Photo by Charles Alsheimer

You can have too much of a good thing. Too many deer devouring your food plots early in the season, for example, can leave you with anemic, overgrazed feeding areas that are devoid of deer when the late season rolls around. Here’s how to revitalize those plots and bring the bucks back.

Problem: Your food plot worked too well. Deer have flooded in and devoured the crop.

Diagnosis: There are too many deer in the area for the available food. Especially in years with poor acorn crops, deer may overwhelm small food plots, chewing them down to nubbins. Cereal grains can bounce back, but the deer may leave your property in the meantime. Overgrazing will kill other plants, too, such as winter peas and lablab.

Rx: You still have time to put in another plot or replant the destroyed one. Oats, rye, and wheat will come up quickly even this late and attract deer within a week or two. The new growth will continue to provide nourishment and keep deer on your property throughout winter. Disk lightly, then till in the seed 1⁄2 to 1 inch deep for wheat and oats, 1⁄4 inch for rye; or simply overseed rye into the wiped-out plot. In spring, you can mow and plow plots ­under or allow them to go to seed, providing more food that deer, turkeys, and doves relish.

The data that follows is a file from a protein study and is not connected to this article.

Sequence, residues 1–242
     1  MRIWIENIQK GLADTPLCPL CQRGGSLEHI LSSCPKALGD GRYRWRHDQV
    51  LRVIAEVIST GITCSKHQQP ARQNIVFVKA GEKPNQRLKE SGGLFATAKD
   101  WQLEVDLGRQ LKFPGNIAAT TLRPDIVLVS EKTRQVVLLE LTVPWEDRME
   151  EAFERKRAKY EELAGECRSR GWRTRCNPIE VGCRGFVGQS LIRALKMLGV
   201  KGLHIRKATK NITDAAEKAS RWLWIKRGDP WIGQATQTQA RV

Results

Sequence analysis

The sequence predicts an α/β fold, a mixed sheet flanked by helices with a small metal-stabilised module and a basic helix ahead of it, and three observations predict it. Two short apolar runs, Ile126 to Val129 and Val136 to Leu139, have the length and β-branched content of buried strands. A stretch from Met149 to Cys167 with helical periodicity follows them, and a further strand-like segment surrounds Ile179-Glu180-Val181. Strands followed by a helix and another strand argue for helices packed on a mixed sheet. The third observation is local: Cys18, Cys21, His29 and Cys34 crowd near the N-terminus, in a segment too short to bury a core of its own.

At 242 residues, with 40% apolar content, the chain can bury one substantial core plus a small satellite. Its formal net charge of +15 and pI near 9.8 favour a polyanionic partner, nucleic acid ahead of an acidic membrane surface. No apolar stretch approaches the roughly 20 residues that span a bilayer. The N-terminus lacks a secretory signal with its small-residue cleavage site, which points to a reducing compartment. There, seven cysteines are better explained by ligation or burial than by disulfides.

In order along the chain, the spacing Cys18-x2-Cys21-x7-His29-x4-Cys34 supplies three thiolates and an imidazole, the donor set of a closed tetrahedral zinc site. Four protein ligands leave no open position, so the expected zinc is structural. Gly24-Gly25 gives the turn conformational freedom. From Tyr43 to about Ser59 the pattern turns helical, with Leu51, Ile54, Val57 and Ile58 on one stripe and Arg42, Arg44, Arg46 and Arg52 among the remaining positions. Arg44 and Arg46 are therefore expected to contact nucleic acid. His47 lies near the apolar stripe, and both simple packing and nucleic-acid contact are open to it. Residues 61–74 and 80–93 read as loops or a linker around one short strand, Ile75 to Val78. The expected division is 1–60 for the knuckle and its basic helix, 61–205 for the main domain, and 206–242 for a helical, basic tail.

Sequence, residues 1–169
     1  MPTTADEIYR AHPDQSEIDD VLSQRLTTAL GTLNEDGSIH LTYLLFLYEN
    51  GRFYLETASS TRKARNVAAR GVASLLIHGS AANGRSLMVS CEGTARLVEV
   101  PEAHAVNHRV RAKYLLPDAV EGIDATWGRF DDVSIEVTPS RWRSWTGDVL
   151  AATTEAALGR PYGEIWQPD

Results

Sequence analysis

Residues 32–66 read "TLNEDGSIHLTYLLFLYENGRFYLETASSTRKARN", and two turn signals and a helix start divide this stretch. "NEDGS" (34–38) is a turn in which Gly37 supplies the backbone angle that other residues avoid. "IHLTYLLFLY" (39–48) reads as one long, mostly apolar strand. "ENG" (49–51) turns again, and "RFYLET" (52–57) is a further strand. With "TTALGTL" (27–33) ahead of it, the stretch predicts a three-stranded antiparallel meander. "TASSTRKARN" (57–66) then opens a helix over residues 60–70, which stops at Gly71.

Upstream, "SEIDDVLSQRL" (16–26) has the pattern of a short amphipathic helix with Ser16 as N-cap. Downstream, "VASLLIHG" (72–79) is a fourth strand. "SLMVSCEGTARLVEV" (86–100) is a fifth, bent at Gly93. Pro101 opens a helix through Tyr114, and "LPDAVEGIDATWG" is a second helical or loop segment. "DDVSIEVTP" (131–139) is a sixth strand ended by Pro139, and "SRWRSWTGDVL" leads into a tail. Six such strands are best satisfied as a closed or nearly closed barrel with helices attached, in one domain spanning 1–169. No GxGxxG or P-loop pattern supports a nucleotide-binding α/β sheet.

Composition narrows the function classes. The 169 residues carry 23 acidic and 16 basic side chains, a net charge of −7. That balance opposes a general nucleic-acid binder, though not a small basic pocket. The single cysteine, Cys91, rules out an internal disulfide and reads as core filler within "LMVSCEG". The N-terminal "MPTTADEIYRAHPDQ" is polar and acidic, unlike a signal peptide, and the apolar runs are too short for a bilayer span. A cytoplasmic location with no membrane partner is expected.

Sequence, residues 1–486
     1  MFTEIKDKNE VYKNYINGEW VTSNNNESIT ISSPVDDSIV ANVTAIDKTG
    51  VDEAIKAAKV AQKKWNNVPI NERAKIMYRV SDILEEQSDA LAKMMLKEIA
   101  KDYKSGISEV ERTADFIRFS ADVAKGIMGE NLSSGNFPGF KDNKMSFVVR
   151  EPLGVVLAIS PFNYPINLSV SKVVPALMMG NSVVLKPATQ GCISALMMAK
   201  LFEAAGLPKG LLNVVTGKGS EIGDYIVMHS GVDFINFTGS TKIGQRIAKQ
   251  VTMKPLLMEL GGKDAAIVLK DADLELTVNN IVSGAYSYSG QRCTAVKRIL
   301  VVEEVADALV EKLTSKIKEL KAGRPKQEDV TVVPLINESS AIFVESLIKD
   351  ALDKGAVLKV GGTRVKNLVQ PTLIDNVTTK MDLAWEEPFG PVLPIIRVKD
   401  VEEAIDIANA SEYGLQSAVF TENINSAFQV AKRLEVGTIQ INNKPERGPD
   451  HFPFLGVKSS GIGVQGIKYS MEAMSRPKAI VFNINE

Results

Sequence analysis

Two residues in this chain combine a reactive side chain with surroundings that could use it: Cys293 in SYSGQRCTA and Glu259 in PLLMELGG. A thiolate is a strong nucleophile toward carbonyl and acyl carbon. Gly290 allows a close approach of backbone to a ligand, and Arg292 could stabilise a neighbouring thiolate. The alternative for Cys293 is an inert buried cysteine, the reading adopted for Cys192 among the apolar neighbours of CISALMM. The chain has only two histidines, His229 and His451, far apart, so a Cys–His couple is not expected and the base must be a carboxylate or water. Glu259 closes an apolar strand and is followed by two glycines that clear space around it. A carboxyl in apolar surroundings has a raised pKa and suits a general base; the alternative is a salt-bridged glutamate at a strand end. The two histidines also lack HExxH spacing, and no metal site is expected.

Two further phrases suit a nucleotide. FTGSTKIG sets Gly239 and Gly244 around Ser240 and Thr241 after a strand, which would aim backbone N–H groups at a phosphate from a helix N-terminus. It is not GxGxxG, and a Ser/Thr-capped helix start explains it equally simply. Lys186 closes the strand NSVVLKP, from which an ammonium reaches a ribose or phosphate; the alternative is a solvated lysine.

Preventive Medicine: Harvest more does during the next few seasons to bring the deer population in balance with the habitat and reduce pressure on your plots. Devote more acreage to plots and avoid putting in plants that are especially vulnerable to heavy grazing. Also plant some brassicas that grow underground bulbs, such as turnips and radishes. If the visible forage gets consumed, deer can dig down with their hooves and eat the nutritious roots.